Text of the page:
Monday, 21 April 2014


Charlotte Brontë was born on 21 April 1816, the third daughter of Reverend Patrick Brontë. At the age of four she moved with her family to Haworth in Yorkshire where her father had been appointed curate and where she lived for the rest of her life. Her mother died in 1821. She lived with her brother and sisters in wild and beautiful surroundings but with little contact with other people. They had to rely on each other for company  and as a result became a very close-knit group. They were taught partly by their father and partly at school, but they were mainly self-educated. They were deeply influenced by Romantic writers, especially Wordsworth, Byron and Shelley. Charlotte also read French novelists.

Their youthful fantasies soon found an outlet in writing. Charlotte and her brother Branwell started a cycle of stories about an imaginary kingdom of Angria, while Emily and Anne created the imaginary world of Gondal. The three sisters together published Poems by Currer, Ellis and Acton Bell. Charlotte and her sister Emily planned to start their own school at Haworth  to support the family.  To train for it Charlotte and Emily went to Brussels to study French and stayed at the Pension Heger. Charlotte fell deeply in love with Mr Heger  but her passion was not reciprocated.
The experience proved highly influential on her emotional life and is reflected in the themes of her novels, which mainly centre on a master / pupil relationship, and in her male characters, which are often a projection of Mr Heger's personality. Her first novel The Professor did not find a publisher and appeared only posthumously  in 1857, while Jane Eyre (1847) met with immediate success. 
Charlotte Brontë  was writing Shirley (1849) when Branwell, Emily and Anne died  of pulmonary tuberculosis in rapid succession between September 1848 and May 1949. She stayed on at the parsonage to look after her father and continued writing, retaining the pseudonym of Currer Bell though her identity was well-known to the literary world. She wrote  Villette in 1853 and in 1854 she married the Reverend Arthur Nicholls but died in 1855 of an illness associated with pregnancy. Her husband lived for another 50 years, dying in 1906. He started the Brontë  Museum  which is now permanently housed at the old vicarage in Haworth.

Elizabeth Gaskell's biography The Life of Charlotte Brontë was published in 1857. It was an important step for a leading female novelist to write a biography of another, and her approach was uncommon in that, rather than analysing her subject's achievements, she focused on private details of Charlotte's life, emphasising aspects which countered the accusations of "coarseness" which had been made against her writing. Though frank in places, Gaskell was selective about which details she revealed; she suppressed details of Charlotte's love for Heger, a married man, as being an affront to contemporary morals and source of distress to Charlotte's father, husband and friends. It has been argued that Elizabeth Gaskell's approach diverted attention from the "difficult" novels, not just Charlotte's, but all the sisters', and began a process of sanctification of their private lives.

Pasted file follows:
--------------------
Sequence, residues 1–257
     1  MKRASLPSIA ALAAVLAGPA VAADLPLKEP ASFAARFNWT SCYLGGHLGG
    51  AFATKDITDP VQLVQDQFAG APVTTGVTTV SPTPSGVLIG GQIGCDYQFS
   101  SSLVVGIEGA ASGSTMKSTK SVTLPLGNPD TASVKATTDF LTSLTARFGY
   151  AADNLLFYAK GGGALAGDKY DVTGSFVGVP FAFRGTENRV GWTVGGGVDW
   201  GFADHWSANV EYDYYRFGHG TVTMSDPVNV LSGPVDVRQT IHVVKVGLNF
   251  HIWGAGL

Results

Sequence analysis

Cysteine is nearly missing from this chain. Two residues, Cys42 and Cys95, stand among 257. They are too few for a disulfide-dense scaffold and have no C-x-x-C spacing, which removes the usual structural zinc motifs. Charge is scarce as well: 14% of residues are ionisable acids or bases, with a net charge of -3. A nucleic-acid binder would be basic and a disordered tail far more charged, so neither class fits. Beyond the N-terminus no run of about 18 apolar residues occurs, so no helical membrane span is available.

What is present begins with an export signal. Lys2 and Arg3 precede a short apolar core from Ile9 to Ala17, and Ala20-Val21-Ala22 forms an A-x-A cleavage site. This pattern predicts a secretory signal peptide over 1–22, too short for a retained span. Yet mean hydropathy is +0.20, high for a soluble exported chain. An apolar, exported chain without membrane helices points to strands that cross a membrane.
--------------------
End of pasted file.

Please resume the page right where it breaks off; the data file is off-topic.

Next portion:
Jane Eyre  tells the story of a young woman who, orphaned as a child, must become first a teacher and then a governess to survive. In her first post as a governess, Jane develops a romantic fondness for her employer, the craggy, rough-mannered Mr. Rochester  whose country estate holds mysterious and frightening secrets. They marry, but only after Mr Rochester's insane first wife (of whom Jane initially had no knowledge) dies in a dramatic house fire. 
Like Charles Dickens’s  David Copperfield, Jane Eyre is a classic Victorian bildungsroman, or "novel of development." Jane Eyre and David Copperfield are also both famous for using autobiographical material from the author’s life in a fictional context. In Jane Eyre, for example, Charlotte Brontë draws on her own experiences of teaching and nursing the terminally ill and of falling in love with her supervisor while at a school in Brussels.
The most successful of the various novels by the three Brontë sisters, Jane Eyre was an instant best-seller and has been continually in print since its first publication. Charlotte Brontë’s willingness to engage, not only the features typical of Gothic fiction and the difficulties facing unmarried middle-class women, but also the problems of empire and colony in 19th-century England, has created a hybrid text that remains relevant and interesting for 21st century readers. Readers can focus on anything from the details of interpersonal relationships and romances to the fear and suspense of the Gothic genre.

Click here to read a more detailed plot summary of the novel and here to analyse its main themes.
Here you can read the novel online.

Now let's watch some short videos from Jane Eyre, the 2011 British romantic drama film directed by Cary Fukunaga and starring Mia Wasikowska and Michael Fassbender 
You can also enjoy the full audio book of the novel.

"I am no bird; and no net ensnares me; I am a free human being with an independent will."
Charlotte Bronte, Jane Eyre

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